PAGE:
Calls for Jersey to invest more in tourism
The problem is that Jersey is pricing itself out of the tourism market.
The reasons for this situation are complex and varied.The cost of getting to the Island, by sea or air, is expensive and then the prices of the traditional tourist attractions (those that are still left that is), make a day out for Mum Dad and two children rather prohibitive. It has been said that air travel to Jersey is cheaper than Malaga or Ibiza for a family of Mum Dad and two children. That may well be the case but when the complete cost, including car hire and accommodation is considered, the all up cost of a holiday in jersey is considerably more expensive. The same family, coming by sea with their own car, would pay £595 just for the travel cost. On arrival, the family would quickly become aware that prices are higher than they expected. The days of duty and tax free goods, spirits and cigarettes are a distant memory, with a bottle of wine being around the same price on the Island as it is in our local Morrisons supermarket, and I remember not too long ago, paying more for a litre of petrol on La Route des Quennevais than at Tesco in Dorchester. The imposition of GST (Goods and Services Tax) has not helped the problem. The costs of tourist accommodation, is another factor contributing to a decline in visitor numbers, with restaurant and food prices generally noticeably higher each time we visit.For an island of just 45 square miles to have so little in the way of "tourist attractions" available for the family visitors (particularly when it rains!) and to have what is available priced at almost prohibitive levels, (Jersey War Tunnels £36.80 and £47.00 for Durrell) almost suggests that encouraging tourism is not considered as a priority, either in the States or in the High Street.We have friends in Jersey, and so will continue to visit the island regardless of the decline of the "attractions", but I fear that unless there is a significant shift in the attitudes of those responsible for such matters, the number of visitors to Jersey will remain on the downward spiral.
The cost of transport to the islands, seems to be a recurring theme amongst the posters to this channelonline.tv Jersey News article. We invariably take our own car to Jersey as the cost of flights from the mainland and airport car parking, added to the cost of car hire on the island, is cumulatively considerably more expensive than sea travel and bringing our own vehicle is certainly more convenient.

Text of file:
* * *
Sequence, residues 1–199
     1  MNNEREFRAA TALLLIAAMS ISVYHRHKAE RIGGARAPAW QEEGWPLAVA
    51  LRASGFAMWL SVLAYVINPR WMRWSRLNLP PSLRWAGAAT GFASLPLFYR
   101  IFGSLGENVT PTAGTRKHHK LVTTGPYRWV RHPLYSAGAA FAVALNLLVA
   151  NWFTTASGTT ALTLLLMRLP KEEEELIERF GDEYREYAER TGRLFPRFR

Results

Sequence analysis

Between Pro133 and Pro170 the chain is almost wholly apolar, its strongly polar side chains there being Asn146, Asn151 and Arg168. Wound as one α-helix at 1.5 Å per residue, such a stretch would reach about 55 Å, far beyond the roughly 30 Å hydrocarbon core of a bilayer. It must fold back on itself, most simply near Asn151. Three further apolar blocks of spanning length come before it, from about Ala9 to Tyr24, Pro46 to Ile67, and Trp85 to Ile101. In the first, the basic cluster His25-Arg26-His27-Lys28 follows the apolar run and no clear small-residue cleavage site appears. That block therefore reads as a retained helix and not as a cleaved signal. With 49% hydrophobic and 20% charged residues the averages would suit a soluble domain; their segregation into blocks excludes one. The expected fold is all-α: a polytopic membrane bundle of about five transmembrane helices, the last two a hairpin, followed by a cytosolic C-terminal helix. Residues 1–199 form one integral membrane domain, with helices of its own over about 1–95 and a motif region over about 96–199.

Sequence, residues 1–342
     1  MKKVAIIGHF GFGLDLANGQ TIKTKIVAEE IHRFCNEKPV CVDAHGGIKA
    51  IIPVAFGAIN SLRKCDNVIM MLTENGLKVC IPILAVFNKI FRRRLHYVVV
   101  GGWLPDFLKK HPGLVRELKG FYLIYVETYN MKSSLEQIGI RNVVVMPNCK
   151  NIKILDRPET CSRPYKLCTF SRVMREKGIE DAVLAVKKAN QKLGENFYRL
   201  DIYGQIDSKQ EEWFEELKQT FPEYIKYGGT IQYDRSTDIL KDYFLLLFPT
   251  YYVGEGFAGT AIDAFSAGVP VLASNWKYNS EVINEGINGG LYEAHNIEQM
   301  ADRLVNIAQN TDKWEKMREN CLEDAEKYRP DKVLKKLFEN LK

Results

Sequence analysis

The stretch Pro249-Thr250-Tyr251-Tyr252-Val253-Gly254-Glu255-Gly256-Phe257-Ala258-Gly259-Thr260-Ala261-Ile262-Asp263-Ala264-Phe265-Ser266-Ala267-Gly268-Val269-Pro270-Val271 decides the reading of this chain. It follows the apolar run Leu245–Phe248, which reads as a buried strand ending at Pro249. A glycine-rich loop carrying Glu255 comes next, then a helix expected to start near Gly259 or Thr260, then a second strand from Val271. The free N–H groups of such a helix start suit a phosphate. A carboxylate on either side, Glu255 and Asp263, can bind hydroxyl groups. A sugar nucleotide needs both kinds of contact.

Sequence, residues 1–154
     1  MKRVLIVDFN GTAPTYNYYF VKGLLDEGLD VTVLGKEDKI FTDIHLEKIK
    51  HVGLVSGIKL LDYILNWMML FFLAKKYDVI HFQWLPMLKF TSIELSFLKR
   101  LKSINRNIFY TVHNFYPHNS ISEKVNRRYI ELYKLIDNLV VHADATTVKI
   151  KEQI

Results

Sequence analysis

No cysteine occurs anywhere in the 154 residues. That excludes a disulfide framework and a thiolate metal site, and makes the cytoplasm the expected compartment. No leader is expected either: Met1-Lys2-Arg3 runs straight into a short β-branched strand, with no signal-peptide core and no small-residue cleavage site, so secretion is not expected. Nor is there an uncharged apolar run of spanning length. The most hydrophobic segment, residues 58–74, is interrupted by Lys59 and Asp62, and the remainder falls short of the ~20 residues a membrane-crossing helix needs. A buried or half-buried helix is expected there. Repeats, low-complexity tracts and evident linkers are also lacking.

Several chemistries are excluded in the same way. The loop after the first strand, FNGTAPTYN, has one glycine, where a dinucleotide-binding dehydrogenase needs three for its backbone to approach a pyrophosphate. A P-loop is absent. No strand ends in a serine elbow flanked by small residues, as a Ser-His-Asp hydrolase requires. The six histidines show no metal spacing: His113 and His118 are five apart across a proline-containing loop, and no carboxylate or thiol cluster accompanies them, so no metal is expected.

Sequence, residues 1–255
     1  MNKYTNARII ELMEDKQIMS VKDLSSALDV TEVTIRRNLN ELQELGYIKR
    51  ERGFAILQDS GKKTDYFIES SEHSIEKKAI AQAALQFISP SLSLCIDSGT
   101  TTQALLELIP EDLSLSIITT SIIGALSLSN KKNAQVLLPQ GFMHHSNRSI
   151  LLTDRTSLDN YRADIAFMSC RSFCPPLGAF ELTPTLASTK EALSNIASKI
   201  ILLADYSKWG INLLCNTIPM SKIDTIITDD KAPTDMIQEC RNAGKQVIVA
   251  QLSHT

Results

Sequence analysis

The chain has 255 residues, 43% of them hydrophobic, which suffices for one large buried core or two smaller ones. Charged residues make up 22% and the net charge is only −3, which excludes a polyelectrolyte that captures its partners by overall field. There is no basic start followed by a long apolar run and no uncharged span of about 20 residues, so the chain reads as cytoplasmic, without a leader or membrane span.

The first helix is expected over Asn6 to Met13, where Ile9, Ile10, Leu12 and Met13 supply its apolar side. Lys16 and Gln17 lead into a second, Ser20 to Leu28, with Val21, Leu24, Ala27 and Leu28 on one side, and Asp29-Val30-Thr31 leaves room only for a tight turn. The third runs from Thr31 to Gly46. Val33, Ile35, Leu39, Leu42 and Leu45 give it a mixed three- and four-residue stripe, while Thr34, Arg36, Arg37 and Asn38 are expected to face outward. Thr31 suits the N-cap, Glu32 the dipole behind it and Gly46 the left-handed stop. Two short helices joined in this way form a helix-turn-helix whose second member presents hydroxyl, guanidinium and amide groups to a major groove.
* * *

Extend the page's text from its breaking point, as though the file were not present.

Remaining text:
However, our experience of Condor Ferries, particularly over the past number of years, has led to the view that the Channel Islands would benefit from an alternative operator for sea travel to the mainland. Condor ferries are expensive which probably results from being the only ferry company operating from the United Kingdom. Moreover, the ships are generally grubby, the reclining seats are mostly broken and remain un repaired, and Club Class travel now only provides complimentary coffee and a muffin, which has usually seen better days. In all, a not very welcoming start to a holiday in Jersey, particularly for the first time visitor.
Another contributor to these comments, (gerald st.lawrence), hinted at the States providing a subsidised alternative ferry service as some sort of "lost leader", which could force Condor into improving their ships, reducing their charges or even both. Perhaps a solution along these lines would be attractive (particularly if the ships were conventional Ro-ro ferries, but that is a personal preference) to more potential visitors. (The question of the "lost" beds in the hotel/guest house industry is another matter for consideration.)
It seems to me that Jersey Tourism and the States are facing a marked choice. Either commit to reversing the trend of the last few decades and restore the island to a holiday destination attractive to visitors, or to accept that tourism is no longer a part of the Jersey economy and stop fiddling with the peripheries with a sham show of giving the kiss of life to its corpse.